Making plans is essential for humans to gain autonomy over their lives

People’s ability to make rational plans is essential to their sense of personal freedom and autonomy.

Making plans is essential for humans to gain autonomy over their lives
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Why do people get upset when something about their planning goes awry?

When a person forget about his/her already scheduled meeting or multitasking, something goes messy and the person calls it a mistake. At that time, that person blames himself or herself and apologize to those affected by their inconsistent behavior.

According to Stanford philosopher Michael Bratman, the feeling of self-blame and failure that most people get after messing up their plans is the negative emotions in those situations. Those emotions represent humans’ inherent need to abide by so-called rational norms of consistency, coherence, and stability that help guide their planning.

Stanford philosopher Michael Bratman explores how and why people plan their lives in his new book. (Image credit: Courtesy Michael Bratman)
Stanford philosopher Michael Bratman explores how and why people plan their lives in his new book. (Image credit: Courtesy Michael Bratman)

Bratman said, “Fitting together different plans in a coherent, consistent and stable way is part of what it means for humans to have unified thinking concerning what they are doing, noting that the existence of those norms helps make planning rational and is essential to people’s sense of freedom and autonomy over their own lives.”

For this study, Bratman developed a hypothesis on how people have set their lifestyle. He stated that the person has settled his/her lifestyle in a society that built buildings, paved roads, and raised food.

He argued that people’s intentions are critical to the realization of their plans. For example, having a cavity requires scheduling a dentist appointment; an expired driver’s license means a trip to the Department of Motor Vehicles.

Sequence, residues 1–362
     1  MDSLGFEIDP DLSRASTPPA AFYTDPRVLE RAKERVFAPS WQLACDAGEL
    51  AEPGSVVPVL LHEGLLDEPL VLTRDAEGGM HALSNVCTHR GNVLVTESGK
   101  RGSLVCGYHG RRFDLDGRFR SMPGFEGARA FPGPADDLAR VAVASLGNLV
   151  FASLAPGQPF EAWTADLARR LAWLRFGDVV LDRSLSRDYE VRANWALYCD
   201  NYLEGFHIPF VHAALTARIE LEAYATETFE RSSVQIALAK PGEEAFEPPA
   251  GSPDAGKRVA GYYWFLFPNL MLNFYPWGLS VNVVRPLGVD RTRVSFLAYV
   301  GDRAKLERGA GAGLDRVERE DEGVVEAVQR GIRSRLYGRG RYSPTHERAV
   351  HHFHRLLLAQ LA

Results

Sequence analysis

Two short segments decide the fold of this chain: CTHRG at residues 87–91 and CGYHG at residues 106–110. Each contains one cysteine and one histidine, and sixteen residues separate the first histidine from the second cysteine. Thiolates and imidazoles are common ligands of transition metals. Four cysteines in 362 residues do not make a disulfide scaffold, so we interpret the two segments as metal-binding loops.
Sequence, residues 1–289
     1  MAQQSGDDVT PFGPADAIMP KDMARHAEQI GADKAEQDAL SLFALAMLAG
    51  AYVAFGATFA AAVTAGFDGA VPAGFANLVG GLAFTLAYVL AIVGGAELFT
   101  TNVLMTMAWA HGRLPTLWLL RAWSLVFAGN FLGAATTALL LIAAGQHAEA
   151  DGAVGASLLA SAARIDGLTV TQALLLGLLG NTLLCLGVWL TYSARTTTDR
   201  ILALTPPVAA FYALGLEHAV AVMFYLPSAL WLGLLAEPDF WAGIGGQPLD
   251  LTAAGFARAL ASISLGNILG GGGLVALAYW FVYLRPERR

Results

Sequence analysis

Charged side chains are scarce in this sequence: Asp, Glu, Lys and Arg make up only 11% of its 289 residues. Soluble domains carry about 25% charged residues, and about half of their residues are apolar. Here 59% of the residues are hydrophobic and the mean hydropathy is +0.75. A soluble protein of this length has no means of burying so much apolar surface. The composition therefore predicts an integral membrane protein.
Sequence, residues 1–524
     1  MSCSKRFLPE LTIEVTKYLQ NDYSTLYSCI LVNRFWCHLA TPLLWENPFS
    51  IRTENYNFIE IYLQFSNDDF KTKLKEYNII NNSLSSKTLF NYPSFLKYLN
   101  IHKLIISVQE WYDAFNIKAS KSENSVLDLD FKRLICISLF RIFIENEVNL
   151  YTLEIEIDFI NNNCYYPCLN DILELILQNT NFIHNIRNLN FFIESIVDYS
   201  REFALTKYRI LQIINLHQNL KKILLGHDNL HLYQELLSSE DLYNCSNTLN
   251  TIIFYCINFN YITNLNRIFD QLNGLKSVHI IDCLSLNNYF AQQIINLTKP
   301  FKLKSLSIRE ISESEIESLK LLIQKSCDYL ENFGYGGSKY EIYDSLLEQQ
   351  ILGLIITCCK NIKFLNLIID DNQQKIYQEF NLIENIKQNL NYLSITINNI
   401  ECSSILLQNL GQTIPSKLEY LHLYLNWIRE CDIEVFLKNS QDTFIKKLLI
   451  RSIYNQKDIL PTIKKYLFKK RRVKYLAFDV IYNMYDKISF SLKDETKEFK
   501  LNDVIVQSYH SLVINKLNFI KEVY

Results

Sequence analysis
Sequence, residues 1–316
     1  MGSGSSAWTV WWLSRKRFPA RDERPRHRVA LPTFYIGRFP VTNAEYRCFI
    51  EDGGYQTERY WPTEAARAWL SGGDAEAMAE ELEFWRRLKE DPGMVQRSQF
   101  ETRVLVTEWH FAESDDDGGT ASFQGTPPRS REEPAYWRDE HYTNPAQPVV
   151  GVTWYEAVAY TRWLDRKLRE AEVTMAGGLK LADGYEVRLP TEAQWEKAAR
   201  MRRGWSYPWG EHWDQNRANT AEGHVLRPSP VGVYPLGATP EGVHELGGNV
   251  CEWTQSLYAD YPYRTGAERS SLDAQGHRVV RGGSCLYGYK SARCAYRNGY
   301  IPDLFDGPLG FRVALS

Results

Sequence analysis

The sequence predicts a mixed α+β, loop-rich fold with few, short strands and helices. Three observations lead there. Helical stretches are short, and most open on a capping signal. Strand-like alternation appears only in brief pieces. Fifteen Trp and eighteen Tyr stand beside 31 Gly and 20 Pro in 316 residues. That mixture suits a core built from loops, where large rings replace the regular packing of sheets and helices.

Bratman stated, “In groups, intentions shared by two or more people also help organize complicated social activities over time, such as planting and sustaining a community garden.”

“We have organized ourselves into societies that have built buildings, paved roads, and raised food. It’s hard to see how those things would come about if we were not able to plan.”

During the study, Bratman identified three norms that encourage rational planning: consistency, coherence, and stability.

He explained by giving an example, Imagine Anna awakens with a toothache and understands that she ought to most likely visit a dental practitioner. The standard of consistency – not completing two things immediately – forces her to and a trip to the DMV at the same time.

The standard of intelligibility – arranging the way to accomplish plans – pushes her to arrange a taxi that will get her to the dental practitioner’s office. The norm of stability – sticking to one’s original plans – encourages her not to skip the dentist because she already ordered a taxi.

Bratman said, ” These subtle norms appeared to guide us to plan a specific way, a balanced way. But, pretty quickly, other scholars started asking tough questions: ‘Why do these rationality norms exist in the first place? Why do people worry about having plans that are consistent, coherent and stable?’ And they had a great point. We don’t worry about having consistent wishes or fantasies, for example. I could wish to be a millionaire but also wish not to put a lot of time into earning money.”

This study demonstrates why these rationality norms exist and why humans should adhere to them. It also suggests that having plans is essential to our self-governance.

Bratman said, “Being able to articulate a useful theory for understanding how norms of rationality and human action are interconnected has implications for other disciplines.”

Bratman, the U.G. and Abbie Birch Durfee Professor in the School of Humanities and Sciences, details a way to understand why rational planning matters to people in his recently published book, Planning, Time, and Self-Governance.